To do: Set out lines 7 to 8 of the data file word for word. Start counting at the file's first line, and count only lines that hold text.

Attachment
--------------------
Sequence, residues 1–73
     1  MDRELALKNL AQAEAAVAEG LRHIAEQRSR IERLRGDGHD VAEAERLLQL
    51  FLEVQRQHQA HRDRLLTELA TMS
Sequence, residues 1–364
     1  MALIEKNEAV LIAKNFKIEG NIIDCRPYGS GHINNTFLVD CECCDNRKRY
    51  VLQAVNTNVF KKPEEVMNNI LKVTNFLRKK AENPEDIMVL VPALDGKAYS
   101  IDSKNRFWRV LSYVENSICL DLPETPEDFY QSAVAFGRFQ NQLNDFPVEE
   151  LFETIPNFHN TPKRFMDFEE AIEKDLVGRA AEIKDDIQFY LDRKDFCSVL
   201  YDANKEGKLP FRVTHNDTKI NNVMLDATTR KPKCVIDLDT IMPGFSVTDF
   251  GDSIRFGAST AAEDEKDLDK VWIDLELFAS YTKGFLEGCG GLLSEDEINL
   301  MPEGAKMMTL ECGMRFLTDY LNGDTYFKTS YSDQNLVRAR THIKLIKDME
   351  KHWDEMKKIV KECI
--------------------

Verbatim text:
   101  IDSKNRFWRV LSYVENSICL DLPETPEDFY QSAVAFGRFQ NQLNDFPVEE
   151  LFETIPNFHN TPKRFMDFEE AIEKDLVGRA AEIKDDIQFY LDRKDFCSVL